Inside Roblox, the game platform that’s rivaling Minecraft

I’m camped at the end of a large hall, hoping my view over a tunnel leading to the capture point covers the enemy team’s entry through the large windows and skylights. Distant gunfire rattles from the other end of the map and I see grenades popping on the point. And yep, I’m right. Someone jumps down from above and I shoot, taking them by surprise – 100 XP – but not before a buddy spawns on them. I’m down, killed by an AUG HBAR with Coyote Sight, Muzzle Brake, Angled Grip and Green Laser.

Roblox [official site] has come on some lately. Phantom Forces is a full-featured modern FPS that runs on Roblox, offering multiple map types with 32 players, a daily login bonus and ranks. It tracks kill-death ratios, its guns feature bullet drop dynamics, sprints into slide moves, Battlefield-style spotting, and hundreds of weapons and attachments. And you can be playing it, for free, in seconds from launching via a link on its Roblox web page, and it’ll run smoothly on a basic PC. On the Thursday morning I try it out, nearly 4000 other players are online with me, and since it was launched in September 2015, it’s been played over 120 million times.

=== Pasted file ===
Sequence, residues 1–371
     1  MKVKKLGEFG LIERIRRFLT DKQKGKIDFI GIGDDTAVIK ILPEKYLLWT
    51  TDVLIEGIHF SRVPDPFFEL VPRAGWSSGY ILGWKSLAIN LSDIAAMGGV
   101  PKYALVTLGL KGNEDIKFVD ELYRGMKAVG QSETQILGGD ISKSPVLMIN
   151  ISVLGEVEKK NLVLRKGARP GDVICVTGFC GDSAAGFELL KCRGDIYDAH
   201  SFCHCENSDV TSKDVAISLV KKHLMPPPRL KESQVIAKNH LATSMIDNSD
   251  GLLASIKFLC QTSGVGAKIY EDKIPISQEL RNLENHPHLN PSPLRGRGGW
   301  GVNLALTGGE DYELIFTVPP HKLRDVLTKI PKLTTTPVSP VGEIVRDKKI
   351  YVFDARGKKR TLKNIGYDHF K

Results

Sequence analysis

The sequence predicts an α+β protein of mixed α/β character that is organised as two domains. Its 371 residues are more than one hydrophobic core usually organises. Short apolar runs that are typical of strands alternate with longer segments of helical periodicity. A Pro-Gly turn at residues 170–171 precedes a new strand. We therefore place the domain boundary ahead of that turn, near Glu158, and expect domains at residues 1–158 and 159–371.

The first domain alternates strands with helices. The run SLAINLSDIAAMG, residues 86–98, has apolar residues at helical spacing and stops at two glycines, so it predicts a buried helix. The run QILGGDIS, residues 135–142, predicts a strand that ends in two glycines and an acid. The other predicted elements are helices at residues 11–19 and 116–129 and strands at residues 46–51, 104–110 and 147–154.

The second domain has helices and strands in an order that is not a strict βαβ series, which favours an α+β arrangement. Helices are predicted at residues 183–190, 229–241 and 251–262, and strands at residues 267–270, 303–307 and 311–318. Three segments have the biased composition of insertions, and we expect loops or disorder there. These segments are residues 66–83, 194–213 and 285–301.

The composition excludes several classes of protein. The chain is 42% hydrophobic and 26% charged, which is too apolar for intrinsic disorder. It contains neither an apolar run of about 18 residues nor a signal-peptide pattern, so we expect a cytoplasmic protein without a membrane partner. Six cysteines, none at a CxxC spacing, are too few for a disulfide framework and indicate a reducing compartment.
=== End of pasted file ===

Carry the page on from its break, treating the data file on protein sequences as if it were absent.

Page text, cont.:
But that doesn’t make Phantom Forces Roblox’s biggest game right now. That would be Jailbreak, an open world team game with 13,000 players online that morning and reaching 30,000 in the evening. Police players attempt to control criminal players by sending them to jail, while the criminals attempt to break out and rob banks. I played police and found a place in the prison where the criminals could break a door control in order to escape. As they bashed at it I’d nip in and handcuff them, sending them off to respawn in their cells for $25 a head.